Yes, people have more choice today. The competition for talent is getting stiffer, which means company brand equity is important. Ask any young person if he/she would like to work in Infosys and they will say yes. Companies that pick 50 people and 5,000 people are surely different.

You have initiated the process of having a diverse and global workforce. Is it easy to achieve this?

You must have a workforce that reflects the kind of company you are. We have been recruiting people from America and Europe. Earlier very high quality people from abroad did not join us. Now, it has changed and this year we are getting about 300 people. The first batch of 100 people is joining us in July. Of course, we pay comparable wages in all countries that we operate in. Currently our `foreign' employees form three per cent of the employee pool, but we want to increase it on incremental basis.

Infosys is said to have put in some excellent systems and processes. But this was when the company had about 20,000-25,000 people. Are these processes capable of taking in 75,000 employees, which is your target this year?

Our process capacity is planned to handle at least twice of what we are doing right now. Our training facility is about 40,000 a year. We are doubling our training capacity in the next year. We have 180 computer science faculties as our full-time staff at our training centres. Utilisation of the Mysore training centre is about 120 per cent.

What are the constraints in hiring good talent here?

We are a $ 800-billion economy servicing the needs of a $45-trillion global economy and not as sophisticated as the economies where we work. Business is becoming more complex. We need people with more expertise and domain knowledge, both technical and business. The mix is becoming richer, but the challenge we face in this country is that we don't have people with business domain expertise of handling large complex organisations or technologies. Since we are getting a large majority of people from India for the offshore model, we are naturally constrained and so all the mid-level people with experience we hired are from outside.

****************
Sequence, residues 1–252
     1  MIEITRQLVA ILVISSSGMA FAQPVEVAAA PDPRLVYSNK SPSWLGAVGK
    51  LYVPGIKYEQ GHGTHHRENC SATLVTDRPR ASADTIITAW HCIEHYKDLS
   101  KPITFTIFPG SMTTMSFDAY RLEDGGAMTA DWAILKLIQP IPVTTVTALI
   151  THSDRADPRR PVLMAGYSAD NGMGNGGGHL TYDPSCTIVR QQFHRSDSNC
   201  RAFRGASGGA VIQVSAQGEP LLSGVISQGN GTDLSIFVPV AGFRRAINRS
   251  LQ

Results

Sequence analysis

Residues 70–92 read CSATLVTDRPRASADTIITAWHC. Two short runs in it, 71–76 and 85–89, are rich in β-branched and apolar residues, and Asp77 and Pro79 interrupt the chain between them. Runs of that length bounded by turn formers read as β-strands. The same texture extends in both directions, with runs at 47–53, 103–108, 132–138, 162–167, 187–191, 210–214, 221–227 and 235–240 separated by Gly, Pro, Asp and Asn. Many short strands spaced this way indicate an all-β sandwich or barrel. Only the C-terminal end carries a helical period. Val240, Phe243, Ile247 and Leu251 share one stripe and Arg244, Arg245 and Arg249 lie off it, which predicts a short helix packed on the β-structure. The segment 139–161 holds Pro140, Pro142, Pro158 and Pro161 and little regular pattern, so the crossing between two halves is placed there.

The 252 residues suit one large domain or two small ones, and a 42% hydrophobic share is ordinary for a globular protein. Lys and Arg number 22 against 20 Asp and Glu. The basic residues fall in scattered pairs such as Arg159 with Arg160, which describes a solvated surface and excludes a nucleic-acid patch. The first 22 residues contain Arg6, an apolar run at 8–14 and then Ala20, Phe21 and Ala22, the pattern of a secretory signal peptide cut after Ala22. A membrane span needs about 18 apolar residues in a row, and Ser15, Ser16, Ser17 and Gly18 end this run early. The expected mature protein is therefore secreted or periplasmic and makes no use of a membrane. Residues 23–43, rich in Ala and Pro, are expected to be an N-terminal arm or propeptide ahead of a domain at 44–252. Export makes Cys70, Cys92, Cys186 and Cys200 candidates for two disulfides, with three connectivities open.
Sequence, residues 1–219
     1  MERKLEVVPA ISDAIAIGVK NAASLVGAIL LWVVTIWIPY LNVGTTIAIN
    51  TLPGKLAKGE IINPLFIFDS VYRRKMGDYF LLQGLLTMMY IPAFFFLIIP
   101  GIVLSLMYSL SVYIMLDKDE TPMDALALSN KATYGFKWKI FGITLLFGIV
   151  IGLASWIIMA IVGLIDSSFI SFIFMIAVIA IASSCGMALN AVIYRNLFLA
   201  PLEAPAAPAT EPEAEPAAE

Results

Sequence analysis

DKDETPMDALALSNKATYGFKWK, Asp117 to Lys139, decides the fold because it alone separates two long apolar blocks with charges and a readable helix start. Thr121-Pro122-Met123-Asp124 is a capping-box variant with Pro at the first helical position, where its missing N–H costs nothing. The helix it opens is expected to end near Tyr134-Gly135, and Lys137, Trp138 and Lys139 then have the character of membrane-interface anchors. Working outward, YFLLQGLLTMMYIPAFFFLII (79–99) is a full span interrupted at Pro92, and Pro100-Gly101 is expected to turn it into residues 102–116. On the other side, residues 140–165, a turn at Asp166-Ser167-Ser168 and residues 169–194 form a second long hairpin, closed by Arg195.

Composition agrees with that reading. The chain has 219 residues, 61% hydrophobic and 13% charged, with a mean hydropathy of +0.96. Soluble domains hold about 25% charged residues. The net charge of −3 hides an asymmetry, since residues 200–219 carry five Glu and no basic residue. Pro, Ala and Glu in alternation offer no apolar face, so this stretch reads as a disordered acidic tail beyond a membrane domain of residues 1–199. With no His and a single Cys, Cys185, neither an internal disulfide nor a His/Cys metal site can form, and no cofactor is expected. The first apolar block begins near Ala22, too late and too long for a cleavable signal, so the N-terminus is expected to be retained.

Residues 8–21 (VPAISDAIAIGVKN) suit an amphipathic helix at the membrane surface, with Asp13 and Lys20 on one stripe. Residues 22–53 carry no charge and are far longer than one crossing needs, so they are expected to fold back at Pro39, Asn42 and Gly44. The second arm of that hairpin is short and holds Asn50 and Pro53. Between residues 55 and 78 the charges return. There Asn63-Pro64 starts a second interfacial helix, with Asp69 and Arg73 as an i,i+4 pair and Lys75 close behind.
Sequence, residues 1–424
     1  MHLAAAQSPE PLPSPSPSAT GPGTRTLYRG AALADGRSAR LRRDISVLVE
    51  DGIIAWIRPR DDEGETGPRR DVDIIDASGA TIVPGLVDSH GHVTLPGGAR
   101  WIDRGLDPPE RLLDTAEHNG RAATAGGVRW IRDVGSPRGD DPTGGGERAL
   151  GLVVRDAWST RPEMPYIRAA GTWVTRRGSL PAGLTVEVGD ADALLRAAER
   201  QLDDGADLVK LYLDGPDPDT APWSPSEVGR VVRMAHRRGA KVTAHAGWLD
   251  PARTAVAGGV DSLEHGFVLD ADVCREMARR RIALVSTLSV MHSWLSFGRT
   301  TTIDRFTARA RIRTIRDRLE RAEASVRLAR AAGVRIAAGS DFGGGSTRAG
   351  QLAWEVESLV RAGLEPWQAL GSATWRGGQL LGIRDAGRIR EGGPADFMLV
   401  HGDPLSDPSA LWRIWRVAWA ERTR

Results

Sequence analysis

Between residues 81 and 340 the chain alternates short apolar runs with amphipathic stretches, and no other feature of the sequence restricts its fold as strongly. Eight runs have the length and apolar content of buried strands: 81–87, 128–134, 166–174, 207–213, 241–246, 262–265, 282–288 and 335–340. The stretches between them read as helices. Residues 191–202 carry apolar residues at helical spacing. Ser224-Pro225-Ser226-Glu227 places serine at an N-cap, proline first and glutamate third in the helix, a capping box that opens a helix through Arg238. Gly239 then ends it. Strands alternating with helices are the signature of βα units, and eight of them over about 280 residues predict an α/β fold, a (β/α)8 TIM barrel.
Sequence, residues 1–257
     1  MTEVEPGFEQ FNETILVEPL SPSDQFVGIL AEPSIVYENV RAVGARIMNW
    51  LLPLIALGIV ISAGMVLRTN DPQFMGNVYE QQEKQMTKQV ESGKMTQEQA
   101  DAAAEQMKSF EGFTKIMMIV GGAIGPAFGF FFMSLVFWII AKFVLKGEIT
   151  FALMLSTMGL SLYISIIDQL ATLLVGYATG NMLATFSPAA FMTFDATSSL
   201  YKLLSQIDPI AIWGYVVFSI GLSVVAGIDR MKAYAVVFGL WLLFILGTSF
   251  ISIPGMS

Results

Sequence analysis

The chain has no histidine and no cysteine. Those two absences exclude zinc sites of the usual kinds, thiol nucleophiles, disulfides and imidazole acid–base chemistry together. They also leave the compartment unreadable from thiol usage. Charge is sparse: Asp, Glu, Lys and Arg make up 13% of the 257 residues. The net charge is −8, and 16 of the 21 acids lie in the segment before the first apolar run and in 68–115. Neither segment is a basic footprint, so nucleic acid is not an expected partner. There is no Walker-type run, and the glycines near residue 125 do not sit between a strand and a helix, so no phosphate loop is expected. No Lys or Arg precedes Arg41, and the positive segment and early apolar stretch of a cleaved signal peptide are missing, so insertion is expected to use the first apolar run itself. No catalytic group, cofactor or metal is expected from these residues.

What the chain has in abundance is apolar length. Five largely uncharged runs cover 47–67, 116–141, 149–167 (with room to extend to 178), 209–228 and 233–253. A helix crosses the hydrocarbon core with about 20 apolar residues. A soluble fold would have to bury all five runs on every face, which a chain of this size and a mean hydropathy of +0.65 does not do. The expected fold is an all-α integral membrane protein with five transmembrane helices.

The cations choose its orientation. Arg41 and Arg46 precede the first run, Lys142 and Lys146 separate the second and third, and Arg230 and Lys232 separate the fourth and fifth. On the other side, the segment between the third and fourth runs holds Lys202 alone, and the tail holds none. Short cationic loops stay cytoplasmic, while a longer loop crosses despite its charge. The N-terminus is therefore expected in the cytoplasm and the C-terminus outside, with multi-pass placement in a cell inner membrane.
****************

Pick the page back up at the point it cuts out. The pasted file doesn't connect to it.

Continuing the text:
But global majors too are announcing huge hiring numbers...

The top five offshore players together will hire 100,000 people and global MNCs may hire 25,000 people. So it's okay. The global delivery model is here to stay and MNCs coming here will expand the marketplace. You can get your share of people so long as you are the right brand, you make the right investments and give the right compensation.

For Infosys, do you see any other country giving this kind of numbers?

No, China is the only comparable country but that country is growing at 9-10 per cent and requires an enormous number of people from its colleges to scale up. You can scale up in China but at a particular rate. You can hire 1,000-2,00 people. But 10,000 people? Doubtful.

(This article was published in the Business Line print edition dated June 12, 2006)